San Diego The San Diego City Council recently adopted the city's $1.5 billion budget, drawing criticism from some quarters that the new spending plan wastes millions of dollars and will result in huge future sewer and water rate increases. One opinion was represented by Scott Barnett, executive director of the San Diego Taxpayers Association. Below are excerpts from an interview conducted last week after the budget was passed.
Q. What kind of financial condition do you think the city's in? The perception held by many seems to be that the city is flush with cash, the economy is up. In short, there is no problem.
A. Well, the economy is certainly better than it was. The city is receiving more revenues, but they're spending more revenues. They spend every new dollar they get, essentially. Their deferred maintenance is some $60 million of crumbling buildings and structures and things like that, [and] they have basically minimal to no emergency reserves in this city.
Q. You made some specific suggestions during this year's budget hearings, many of which were ignored by the city council. Can you run some of those down?
A. Sure. We felt that deferred maintenance is a major issue that's been ignored, and the fact that their emergency reserves are only $6 million, and they should be closer to $50 million. So we suggested two things. Number one, they do a hiring freeze. The city manager likes to say that the number of city employees has been reduced, but they are actually shifting them, primarily to the enterprise funds, so the general-fund employees have been reduced, but they have simply been moved over. They have been hiring, sprinkled through the budget, new employees, and these are primarily employees that are not giving service to the general public; they are bureaucrat staff, city hall staff.
Q. What is an "enterprise fund"?
A. Basically the sewer and the water system are an enterprise fund and should be operated separately and independently from the city budget. The city actually has several enterprise funds - sewer, water, airports, development services (which is the planning department), environmental services (trash pickup), golf enterprise. I may have missed one or two. The city manager has been going in the direction of creating these enterprise funds, but the problem is there is a lot less scrutiny of them by the city council. In fact, at the budget hearing, not one question, not one issue was raised about the enterprise funds, and that's the bulk of the city budget. Out of the $1.5 billion budget, two-thirds are enterprise funds.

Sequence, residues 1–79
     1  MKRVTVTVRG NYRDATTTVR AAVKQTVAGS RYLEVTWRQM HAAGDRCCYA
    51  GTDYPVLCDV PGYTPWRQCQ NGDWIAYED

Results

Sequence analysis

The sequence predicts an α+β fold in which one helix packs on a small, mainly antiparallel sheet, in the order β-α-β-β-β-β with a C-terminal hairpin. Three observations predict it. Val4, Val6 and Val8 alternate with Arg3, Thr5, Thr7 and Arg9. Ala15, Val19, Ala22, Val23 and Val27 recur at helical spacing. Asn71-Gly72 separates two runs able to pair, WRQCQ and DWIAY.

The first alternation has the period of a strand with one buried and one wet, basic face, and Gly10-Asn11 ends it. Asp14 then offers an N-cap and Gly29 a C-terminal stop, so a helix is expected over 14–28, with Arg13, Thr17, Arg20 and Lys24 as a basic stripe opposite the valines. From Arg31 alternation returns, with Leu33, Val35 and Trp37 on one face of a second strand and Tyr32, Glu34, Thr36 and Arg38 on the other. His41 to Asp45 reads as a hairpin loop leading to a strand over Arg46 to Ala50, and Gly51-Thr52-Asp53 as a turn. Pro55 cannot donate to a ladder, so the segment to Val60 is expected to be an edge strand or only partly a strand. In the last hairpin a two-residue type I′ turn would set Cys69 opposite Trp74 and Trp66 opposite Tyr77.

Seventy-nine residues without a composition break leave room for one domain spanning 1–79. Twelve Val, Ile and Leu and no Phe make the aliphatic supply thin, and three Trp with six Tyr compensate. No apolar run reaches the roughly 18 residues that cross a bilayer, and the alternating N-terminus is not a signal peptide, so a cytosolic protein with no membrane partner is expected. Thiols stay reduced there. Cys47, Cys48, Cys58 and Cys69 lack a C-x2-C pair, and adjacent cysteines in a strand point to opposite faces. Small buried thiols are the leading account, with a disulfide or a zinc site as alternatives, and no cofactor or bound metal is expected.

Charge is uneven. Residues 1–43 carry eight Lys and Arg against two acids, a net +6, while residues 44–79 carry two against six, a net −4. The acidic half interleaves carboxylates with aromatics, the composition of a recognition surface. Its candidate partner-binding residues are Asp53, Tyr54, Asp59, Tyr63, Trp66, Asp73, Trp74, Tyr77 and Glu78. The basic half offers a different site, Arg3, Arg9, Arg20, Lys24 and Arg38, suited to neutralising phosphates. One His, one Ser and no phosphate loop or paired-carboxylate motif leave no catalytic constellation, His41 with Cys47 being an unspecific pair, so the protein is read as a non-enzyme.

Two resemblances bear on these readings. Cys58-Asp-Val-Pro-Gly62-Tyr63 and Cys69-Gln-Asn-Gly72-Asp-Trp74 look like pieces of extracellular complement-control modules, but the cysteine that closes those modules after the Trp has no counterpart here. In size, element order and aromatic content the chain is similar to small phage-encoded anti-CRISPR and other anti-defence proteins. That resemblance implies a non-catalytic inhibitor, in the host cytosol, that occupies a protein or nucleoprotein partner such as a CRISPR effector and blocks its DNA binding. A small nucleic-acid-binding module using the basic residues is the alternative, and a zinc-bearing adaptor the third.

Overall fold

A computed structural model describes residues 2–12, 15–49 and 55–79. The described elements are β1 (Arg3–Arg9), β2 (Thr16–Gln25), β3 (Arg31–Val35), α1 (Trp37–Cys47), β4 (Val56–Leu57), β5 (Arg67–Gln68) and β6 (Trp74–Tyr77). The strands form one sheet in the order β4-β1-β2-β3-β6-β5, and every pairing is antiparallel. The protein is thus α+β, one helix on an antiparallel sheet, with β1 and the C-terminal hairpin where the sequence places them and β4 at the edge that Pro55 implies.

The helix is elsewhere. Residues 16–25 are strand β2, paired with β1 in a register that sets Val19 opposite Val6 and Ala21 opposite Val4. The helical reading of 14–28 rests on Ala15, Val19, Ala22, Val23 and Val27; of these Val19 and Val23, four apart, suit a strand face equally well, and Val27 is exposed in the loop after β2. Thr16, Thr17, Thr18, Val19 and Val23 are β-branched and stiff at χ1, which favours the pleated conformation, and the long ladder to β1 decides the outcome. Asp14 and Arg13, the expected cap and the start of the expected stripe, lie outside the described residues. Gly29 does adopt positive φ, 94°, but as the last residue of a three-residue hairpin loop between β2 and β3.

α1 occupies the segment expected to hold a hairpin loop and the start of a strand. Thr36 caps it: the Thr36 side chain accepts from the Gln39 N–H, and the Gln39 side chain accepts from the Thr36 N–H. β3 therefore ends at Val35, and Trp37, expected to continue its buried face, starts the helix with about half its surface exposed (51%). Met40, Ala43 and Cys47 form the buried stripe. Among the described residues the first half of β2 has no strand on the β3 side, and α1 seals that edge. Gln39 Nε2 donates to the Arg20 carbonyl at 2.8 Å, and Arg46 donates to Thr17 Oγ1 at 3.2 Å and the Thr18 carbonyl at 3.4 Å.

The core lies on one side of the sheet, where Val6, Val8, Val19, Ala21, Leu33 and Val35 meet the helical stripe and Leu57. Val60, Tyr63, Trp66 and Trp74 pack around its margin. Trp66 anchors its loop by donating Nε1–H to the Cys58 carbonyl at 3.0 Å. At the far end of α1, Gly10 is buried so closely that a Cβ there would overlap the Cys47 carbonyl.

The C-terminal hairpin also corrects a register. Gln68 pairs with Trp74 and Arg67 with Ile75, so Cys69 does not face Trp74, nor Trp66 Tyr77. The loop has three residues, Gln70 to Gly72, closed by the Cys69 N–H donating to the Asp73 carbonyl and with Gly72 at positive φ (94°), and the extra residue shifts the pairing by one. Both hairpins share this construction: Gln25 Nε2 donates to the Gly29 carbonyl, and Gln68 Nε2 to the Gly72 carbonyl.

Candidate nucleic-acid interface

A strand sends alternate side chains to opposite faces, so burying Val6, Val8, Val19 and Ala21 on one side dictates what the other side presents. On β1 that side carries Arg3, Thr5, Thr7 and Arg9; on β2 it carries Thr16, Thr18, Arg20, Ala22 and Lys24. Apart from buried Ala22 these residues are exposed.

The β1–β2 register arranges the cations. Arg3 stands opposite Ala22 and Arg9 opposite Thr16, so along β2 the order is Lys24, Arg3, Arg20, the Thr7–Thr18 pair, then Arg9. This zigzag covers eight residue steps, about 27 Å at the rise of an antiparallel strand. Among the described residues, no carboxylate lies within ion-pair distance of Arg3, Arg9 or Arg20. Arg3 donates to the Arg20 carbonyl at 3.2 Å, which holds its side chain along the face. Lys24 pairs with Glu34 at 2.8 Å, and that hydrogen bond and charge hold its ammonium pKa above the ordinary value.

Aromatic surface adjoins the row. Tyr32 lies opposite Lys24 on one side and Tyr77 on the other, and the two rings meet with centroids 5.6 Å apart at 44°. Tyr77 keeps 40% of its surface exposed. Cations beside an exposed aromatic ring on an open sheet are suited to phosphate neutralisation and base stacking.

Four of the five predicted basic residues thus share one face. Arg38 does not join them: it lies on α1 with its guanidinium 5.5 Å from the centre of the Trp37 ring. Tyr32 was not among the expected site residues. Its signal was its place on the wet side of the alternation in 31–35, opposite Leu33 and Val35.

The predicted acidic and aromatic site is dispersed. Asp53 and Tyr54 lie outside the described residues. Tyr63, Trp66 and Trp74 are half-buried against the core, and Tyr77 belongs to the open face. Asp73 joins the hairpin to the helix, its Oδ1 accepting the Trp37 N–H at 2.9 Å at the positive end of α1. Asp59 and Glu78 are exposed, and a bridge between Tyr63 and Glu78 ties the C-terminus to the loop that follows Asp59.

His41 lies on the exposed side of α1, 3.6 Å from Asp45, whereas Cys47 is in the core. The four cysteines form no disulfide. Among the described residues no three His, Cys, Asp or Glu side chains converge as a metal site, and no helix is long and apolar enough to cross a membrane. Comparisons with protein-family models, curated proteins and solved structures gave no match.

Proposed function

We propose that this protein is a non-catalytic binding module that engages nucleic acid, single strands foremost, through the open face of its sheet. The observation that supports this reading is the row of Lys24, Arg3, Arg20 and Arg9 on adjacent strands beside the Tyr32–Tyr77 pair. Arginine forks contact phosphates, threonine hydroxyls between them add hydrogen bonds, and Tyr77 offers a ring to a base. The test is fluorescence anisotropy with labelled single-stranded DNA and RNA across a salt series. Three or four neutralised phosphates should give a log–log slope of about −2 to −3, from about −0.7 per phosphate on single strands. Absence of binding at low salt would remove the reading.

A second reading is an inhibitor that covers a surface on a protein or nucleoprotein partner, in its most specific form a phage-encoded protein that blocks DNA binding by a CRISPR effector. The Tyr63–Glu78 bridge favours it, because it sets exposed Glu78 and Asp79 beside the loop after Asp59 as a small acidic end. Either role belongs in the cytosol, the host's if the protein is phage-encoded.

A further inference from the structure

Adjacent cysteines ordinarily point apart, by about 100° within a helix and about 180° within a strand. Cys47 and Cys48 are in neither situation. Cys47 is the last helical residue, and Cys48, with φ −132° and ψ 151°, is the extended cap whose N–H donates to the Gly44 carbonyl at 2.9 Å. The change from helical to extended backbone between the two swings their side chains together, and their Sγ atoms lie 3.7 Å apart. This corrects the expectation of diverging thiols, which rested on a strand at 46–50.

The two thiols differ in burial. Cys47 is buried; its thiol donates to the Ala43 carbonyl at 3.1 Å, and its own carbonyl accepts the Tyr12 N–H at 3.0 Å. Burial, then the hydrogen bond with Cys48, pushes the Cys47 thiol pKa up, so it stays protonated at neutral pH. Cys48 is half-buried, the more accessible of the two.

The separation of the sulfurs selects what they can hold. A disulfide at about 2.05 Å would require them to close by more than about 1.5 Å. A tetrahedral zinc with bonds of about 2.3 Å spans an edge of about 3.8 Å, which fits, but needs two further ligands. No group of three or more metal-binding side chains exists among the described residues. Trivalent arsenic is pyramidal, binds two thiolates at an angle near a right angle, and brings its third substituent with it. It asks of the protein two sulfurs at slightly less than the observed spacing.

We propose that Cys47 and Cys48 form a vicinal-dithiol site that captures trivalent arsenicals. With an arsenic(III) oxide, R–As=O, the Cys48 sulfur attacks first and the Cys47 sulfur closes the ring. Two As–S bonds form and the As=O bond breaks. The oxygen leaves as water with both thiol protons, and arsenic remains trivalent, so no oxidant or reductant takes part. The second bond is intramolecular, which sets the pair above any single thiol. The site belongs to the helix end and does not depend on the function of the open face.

Q. What's going on with the sewer and water money?
A. Since 1994, the City has siphoned off almost $50 million in water and sewer revenues - ratepayers' money - into the general fund and is proposing almost another $16 million this year. They're also proposing rate increases; sewer rates are going up 6 percent and water rates are proposed to go up 6 percent. If the $16 million would stay in the water and sewer fund, those rate increases could be reduced by a total of 3 percent. That's $16 million that would stay in the ratepayers' pockets instead of going into the general fund, and that is where we think it should stay.